This blog entry contains the prepared remarks of Hogan Lovells Privacy and Information Management practice director Christopher Wolf on “Privacy and Technology in Balance” to be delivered at the opening plenary session of the 34th Annual Conference of Data Protection Authorities and Privacy Commissioners in Punta del Este, Uruguay.
In Hong Kong, an individual’s right to make an Access Request is expressly conferred by section 18of the Personal Data (Privacy) Ordinance which enables individuals to ascertain whether data users hold any personal data relating to them, and if so, to obtain a copy of such data. Individuals also have the right to request the correction of any inaccuracies contained in such data. Data users are required under the Ordinance to notify individuals of such access/correction rights, on or before the first use of their personal data. As described in this blog entry, the Hong Kong Privacy Commissioner for Personal Data recently issued a guidance note titled “Proper Handling of Data Access Request and Charging of Data Access Request Fee by Data Users” to provide data users with guidance on how to comply with data access requests as well as how to calculate the fees to be charged in connection with such Access Requests.
The Hong Kong Personal Data (Privacy) Amendment Ordinance was passed on 27 June 2012. This ends a nearly three year process initially spurred by the need to bring the existing legislation in line with technological and other advancements that occurred since it was enacted in 1996.
Organisations in Hong Kong are required under the Personal Data (Privacy) Ordinance to erase personal data when the data is no longer required for the purpose for which it was collected.
The Hong Kong Privacy Commissioner for Personal Data recently has published a Guidance Note, entitled “Guidance on Personal Data Erasure and Anonymisation,” which is relevant to compliance under the Ordinance.
IAPP Europe is currently holding its Data Protection Intensive 2012 in London. This entry from London partner Quentin Archer contains a report from today’s keynote sessions on the Irish regulatory landscape and the economics of privacy
IAPP Europe is currently holding its Data Protection Intensive 2012 in London. This entry from London partner Quentin Archer contains a report from today’s session on current regulatory issues in the Nordic countries.
IAPP Europe is currently holding its Data Protection Intensive 2012 in London. This entry from London partner Quentin Archer contains an instant report from today’s opening session, and summarizes the comments of UK’s Information Commissioner and Yahoo’s Vice-President for EMEA Advertising Marketplaces. The comments of the Information Commissioner are especially insightful regarding enforcement, cookies, and the pending European Regulation.
Chris Wolf, Hogan Lovells Privacy and Information Management Practice Director, has a column in Slate, the daily Web magazine addressing the tension between privacy laws and other societal interests, and the potential for inflexible application of privacy laws in the EU. His discussion is in the context of the prosecution of two reporters for invading the privacy of a former Nazi commando who had been in hiding for decades. A link to the column is included in this blog entry.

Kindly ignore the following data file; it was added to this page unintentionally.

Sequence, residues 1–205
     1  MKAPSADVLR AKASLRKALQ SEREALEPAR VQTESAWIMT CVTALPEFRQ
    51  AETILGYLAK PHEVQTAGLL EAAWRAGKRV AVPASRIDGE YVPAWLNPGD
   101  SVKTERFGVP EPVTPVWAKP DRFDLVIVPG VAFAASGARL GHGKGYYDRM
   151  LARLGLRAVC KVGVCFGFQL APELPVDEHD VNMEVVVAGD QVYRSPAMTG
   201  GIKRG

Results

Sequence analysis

Hogan Lovells partners Quentin Archer, Roger Tym and Winston Maxwell hosted a London workshop on February 29, 2012 aimed at collecting comments for the UK Ministry of Justice’s public consultation on the proposed EU privacy Regulation. Workshop participants commented on the right to be forgotten, data portability, the accountability principle, data breach notifications, proposed requirements for consent, fining powers, and the “one-stop-shop” principle.
On 16 February 2010, the Article 29 Working Party adopted an opinion on the concepts of data “controller and “processor”, which are crucial for determining who is responsible for compliance with EU data protection rules. The opinion provides a comprehensive analysis as well as practical examples and rules of thumb on how to approach the concepts pragmatically.
On July 22, 2009, Sen. Patrick Leahy (D-VT) reintroduced S. 1490, the Personal Data Privacy and Security Act (“PDPSA”), which has been referred to the Senate Judiciary Committee. The reintroduced PDPSA is substantially similar to the prior version reported out by the Judiciary Committee in 2007, which was co-sponsored by then-Sen. Barack Obama. Among the… Continue Reading
UPS Ltd has joined the ever-increasing number of companies featuring in the ‘Enforcement’ section of the UK Information Commissioner’s website, for failing to ensure the adequate security of personal data, which was held on an unencrypted laptop. Security is one of the key data protection principles set out in Schedule 1, Part 1, of the… Continue Reading
With the compliance date for the federal health data breach notifications in the HITECH Act looming, more states are amending their data breach notification statutes to cover health information. The possible trend is evident in the newly-enacted laws of three states – Missouri, New Hampshire and Texas – all of which have been enacted since June 2009. … Continue Reading